In my last post I described the positioning of the SRR record and I also painted it as a form that can either be predetermined in the form of a clinical guideline record or a free form record to which the doctor can add steps, or a mixture of both. Since we don’t want to keep calling this thing an “SRR”, and we can’t call it a “symptom” or a “pathology” or a “disease” for reasons I’ll soon get to, I think we need to call it an “issue”.
It would have been natural to call it a “problem”, but there’s a problem with calling it a “problem”, namely that 50 years ago or so, Wade described the Problem Oriented Medical Record (POMR) which has a lot of the characteristics of what we here describe, but still differs on some crucial points. And since I don’t want to run in to prejudices connected with POMR and get remarks like “it’s old hat”, “we know about that”, “it never worked”, and more, I prefer to call it something else. And “issue” it is for now. Especially since I can’t think of anyone calling this an “issue” up to now.
Recapping, we have a list of “issues” under the entity “patient”. Each “issue” can be a symptom, a disease, a hypothesis, a plan, or even in some cases a therapeutic regimen. Let’s run through a couple of examples just to illustrate what it is, and what it is not.
“Diabetes type 2” is an issue. It has diagnostic criteria, recommended follow-up lab tests, regular checkups and referrals, recommended therapies, diagnostic codes, and contra-indications such as “careful with some diuretics”.
“Migraine” is an issue, and so is “tension headaches”. Interestingly, “headache” is also an issue with its own recommended diagnostic steps, but it also has a list of differential diagnoses, including both “migraine” and “tension headaches”. A “headache” is not a diagnosis but a symptom, but it needs to be a first class “issue” anyway, since that is the “issue” we’re working with until we can replace it with a more definite diagnosis.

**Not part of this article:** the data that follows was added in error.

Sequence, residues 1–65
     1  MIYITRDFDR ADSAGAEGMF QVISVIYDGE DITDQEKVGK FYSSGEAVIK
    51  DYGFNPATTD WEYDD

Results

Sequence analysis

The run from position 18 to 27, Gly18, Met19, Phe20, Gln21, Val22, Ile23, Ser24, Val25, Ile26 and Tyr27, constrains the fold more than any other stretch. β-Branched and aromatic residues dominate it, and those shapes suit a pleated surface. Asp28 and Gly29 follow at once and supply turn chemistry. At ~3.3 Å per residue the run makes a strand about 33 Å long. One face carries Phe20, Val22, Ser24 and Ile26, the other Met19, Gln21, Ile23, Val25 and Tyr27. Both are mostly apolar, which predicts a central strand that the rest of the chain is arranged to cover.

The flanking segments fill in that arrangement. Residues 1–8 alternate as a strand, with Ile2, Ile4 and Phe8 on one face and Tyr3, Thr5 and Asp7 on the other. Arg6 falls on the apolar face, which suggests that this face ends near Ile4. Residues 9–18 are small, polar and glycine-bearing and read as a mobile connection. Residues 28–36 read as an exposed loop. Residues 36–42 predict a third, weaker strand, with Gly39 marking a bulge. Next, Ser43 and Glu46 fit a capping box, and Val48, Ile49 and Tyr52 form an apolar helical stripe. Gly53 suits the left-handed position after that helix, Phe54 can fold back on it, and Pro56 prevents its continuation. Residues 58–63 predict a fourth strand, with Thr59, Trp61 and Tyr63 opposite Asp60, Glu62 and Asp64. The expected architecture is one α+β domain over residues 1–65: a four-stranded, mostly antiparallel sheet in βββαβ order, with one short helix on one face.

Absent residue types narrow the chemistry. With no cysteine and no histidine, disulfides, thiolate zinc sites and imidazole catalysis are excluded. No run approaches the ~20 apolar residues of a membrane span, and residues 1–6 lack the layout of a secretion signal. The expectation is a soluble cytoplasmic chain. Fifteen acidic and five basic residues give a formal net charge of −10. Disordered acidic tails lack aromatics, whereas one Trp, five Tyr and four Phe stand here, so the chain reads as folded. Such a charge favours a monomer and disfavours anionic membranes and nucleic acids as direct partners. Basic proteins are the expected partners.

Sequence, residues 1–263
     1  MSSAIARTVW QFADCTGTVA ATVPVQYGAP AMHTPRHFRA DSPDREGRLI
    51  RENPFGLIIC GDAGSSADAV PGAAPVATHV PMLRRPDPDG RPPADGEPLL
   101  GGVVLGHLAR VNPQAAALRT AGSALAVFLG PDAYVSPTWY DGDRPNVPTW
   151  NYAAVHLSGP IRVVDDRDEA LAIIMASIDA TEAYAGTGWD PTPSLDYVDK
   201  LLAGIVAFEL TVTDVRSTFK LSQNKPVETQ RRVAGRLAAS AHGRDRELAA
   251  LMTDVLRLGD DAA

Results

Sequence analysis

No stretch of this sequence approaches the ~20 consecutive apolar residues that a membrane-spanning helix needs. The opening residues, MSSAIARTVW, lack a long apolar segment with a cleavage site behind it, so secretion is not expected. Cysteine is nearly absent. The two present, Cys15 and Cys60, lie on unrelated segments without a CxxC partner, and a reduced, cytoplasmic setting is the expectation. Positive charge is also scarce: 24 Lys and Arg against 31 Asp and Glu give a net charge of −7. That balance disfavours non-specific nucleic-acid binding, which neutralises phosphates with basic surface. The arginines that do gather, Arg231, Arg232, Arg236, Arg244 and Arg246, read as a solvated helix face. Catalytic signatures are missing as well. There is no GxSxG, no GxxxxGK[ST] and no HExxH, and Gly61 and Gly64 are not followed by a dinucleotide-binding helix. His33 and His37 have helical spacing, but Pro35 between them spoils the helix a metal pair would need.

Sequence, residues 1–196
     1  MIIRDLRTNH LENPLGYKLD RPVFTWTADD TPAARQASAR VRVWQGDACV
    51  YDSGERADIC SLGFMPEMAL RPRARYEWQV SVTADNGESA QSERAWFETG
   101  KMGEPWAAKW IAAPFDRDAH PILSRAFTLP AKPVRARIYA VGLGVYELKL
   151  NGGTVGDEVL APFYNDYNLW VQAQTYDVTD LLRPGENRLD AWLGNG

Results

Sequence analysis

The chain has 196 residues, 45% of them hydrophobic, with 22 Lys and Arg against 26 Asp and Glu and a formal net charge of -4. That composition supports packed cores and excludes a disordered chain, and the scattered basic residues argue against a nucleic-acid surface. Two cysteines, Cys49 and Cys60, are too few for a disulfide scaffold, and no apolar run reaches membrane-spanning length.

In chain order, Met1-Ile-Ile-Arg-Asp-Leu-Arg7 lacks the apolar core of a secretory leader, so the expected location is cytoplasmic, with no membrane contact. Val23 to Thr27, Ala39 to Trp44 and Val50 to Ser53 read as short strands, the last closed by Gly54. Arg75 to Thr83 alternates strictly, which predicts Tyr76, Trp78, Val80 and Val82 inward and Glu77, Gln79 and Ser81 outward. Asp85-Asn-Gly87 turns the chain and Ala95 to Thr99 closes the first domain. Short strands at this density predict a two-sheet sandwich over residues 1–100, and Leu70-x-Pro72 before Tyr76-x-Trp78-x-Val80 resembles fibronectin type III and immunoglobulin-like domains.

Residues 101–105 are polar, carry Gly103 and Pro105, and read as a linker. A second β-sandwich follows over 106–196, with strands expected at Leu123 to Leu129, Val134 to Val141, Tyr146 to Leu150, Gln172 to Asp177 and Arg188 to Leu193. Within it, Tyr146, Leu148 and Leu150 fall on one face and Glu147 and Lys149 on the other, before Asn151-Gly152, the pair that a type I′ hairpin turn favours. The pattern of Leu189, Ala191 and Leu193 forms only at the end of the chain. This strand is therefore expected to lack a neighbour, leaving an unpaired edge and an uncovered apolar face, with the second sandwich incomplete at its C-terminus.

So now we encountered the “replacing” of issues. This can happen in the “headache” case, among many others. The patient presents with headaches, and immediatly gets a “headache” issue assigned, which is prefilled with a differential diagnosis including among other things “migraine” and “tension headaches”. As the physician needs to exclude “migraine” first, the issue “migraine” is attached to the main issue “headaches” and you can work through the recommendations in “migraine”. If “migraine” is confirmed, it actually is lifted a level and replaces the main issue “headache” which is then removed from the list. If, on the other hand, “migraine” is excluded after some examination, the “migraine” subissue is removed and it is marked as “excluded” in the list of differential diagnoses in the “headache” issue. And so forth.
Don’t become nervous when you see all this insertion, moving, and deletion. That is how it looks to the user, but behind the scenes, everything is saved, version controlled, listed, and is being audited like there’s no tomorrow. Except we don’t want to actually see any of that unless we ask for it.